La Fura dels Baus’ interest in the story of Faust goes back to their staging of Goethe’s masterpiece in 1997 (F@ust 3.0), followed by a stage version of Berlioz’s La Damnation de Faust and even a film, Fausto 5.0. Maybe uninspired by Gounod’s gushy approach to the legend, this co-production by the Teatro Real and Dutch National Opera, where it premiered in 2014, feels like a modest Faust 5.1 rather than a wholehearted 6.0 release. Toying with a plot element disregarded by Gounod, director Alex Ollé has turned Faust into a scientist leading 'The Homunculus project', a gory experiment that tries to create a bio-mechanic artificial intelligence able to transcend the limits of nature. The idea blurs swiftly in the transition to Act 2 and all but disappears throughout the performance, only to come back briefly at the very end. A brushstroke rather than a dramatic thread, this abortive promethean dimension didn’t really add to the show.

On the other hand, the production had all the usual traits of the company: clear narrative (thanks to boisterous archetypes: ultra-technological soldiers, football supporters, voluptuous madams and Baroque virgins), effective transitions, good use of the stage, visual coherence and some good fun in the Walpurgis Scene. Alfons Flores’ all-purpose mobile towers provided an abstract and ghastly architectural background to the story. Lluc Castells' costumes were superb and really contributed to the best of Ollé’s scattered ideas: the amazing characterisation of Méphistophélès as a dodgy and bored nocturnal flaneur, his body covered by tattoos, who ends up being Faust’s reckless alternative self, his ultimate and damning creation.

Leading an excellent cast, Marina Rebeka made a sensational house debut as Marguerite at her most innocent. Her singing was canonical, with total command of her exciting lyric soprano. She sang "Il était un roi de Thulé" with intriguing narrative style, thanks to perfect dynamics and careful phrasing, and she excelled in the Jewel Song, with a charming vanity touch and good coloratura (but, alas, no thrills). She crowned the scene with the best sound of the night, a thundering and ringing B sharp. In the final trio, she was always on top of her male colleagues and the orchestra, with ever growing phrases that made her the fair winner of the redemptive battle.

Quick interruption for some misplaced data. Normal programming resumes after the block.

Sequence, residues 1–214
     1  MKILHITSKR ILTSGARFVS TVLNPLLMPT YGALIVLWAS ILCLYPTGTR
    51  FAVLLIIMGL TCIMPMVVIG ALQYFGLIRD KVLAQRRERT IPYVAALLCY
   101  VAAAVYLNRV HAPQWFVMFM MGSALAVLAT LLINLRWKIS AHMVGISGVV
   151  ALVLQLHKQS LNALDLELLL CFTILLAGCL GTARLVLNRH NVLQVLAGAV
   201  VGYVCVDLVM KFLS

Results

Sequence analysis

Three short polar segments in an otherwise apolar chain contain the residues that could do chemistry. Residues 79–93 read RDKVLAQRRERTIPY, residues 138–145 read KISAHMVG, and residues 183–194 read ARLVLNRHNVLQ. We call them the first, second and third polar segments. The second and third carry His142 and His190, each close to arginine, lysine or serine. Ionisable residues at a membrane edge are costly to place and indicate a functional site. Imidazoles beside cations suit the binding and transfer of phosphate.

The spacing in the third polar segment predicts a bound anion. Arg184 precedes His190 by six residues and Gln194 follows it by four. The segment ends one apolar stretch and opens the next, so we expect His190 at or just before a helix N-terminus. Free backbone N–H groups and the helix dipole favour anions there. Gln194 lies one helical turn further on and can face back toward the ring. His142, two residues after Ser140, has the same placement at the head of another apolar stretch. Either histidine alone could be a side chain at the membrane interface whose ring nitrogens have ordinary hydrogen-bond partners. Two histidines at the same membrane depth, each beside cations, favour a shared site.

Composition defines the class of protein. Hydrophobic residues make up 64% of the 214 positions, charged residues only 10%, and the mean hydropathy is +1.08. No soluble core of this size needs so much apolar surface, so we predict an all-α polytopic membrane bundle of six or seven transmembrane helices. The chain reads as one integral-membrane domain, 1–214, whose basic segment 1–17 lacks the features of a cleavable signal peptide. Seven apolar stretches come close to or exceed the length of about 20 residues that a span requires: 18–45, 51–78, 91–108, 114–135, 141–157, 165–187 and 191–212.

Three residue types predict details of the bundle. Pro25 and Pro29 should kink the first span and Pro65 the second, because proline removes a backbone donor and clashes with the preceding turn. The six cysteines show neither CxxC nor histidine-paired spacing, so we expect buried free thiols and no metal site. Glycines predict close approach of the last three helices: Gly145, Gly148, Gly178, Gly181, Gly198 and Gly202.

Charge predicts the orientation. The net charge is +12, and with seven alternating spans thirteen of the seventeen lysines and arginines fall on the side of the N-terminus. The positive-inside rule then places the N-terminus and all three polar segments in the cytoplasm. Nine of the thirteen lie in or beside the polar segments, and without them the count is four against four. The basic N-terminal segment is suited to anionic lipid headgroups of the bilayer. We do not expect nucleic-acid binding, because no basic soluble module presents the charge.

Piotr Beczała proved why he currently owns the role of Faust and sang every note with total command and overwhelming confidence, even in tricky Act 1. His voice possesses a captivating silvery timbre in the central range, a true mine of fresh and shiny sounds that filled the house. In the run up to the passaggio, however, the voice either opens or strains, leading to frequent changes of colour that break the legato. This sometimes strained the natural elegance and technical control he displayed in the most lyrical parts, as "Salut demeure", that didn’t flow with the velvety easiness that the score demands.

The role of Méphistophélès is well beyond (or below) the realm of Luca Pisaroni’s bass-baritone, but thanks to good technique and his commitment to the production’s earthy devil, he achieved a convincing performance. The lower notes weren't there and one could have asked for more vocal authority in "Le veau d’or", but his phrasing was always good and where he sang in his natural range ("Vous qui faites l’endormie"), his voice came out as a sinful treat. The sturdy Valentin may not be the ideal role for displaying all the lyrical craftsmanship of which Stéphane Degout is capable, but he portrayed the martial and loyal soul of Marguerite’s brother with an irresistible combination of superb French diction and Spartan phrasing. Sylvie Brunet was excellent as the mordant Marthe, Serena Malfi lavished volume and enthusiasm as Siébel and Isaac Galán was a very expressive Wagner, with clear diction and good singing.

Conductor Dan Ettinger made sure that he was heard in his house debut. His obsession with density at the expense of clarity resulted in a constantly blurred string section, unable to draw a distinct melodic line. But strength doesn’t always mean intensity and for all the artificial emphasis, every climax was completely devoid of emotion. The woodwind section was superb (when it could be heard) and there was a joyful moment of disorder in the military march in Act 4, with the brass at its most riotous. Probably spurred by Ettinger’s impulse, the Chorus of the Teatro Real was showier than ever, displaying amazing timbre and top notes, although sometimes, especially in the male section, it didn’t sound as the smooth ensemble it usually is but as an aggregation of competing good soloists.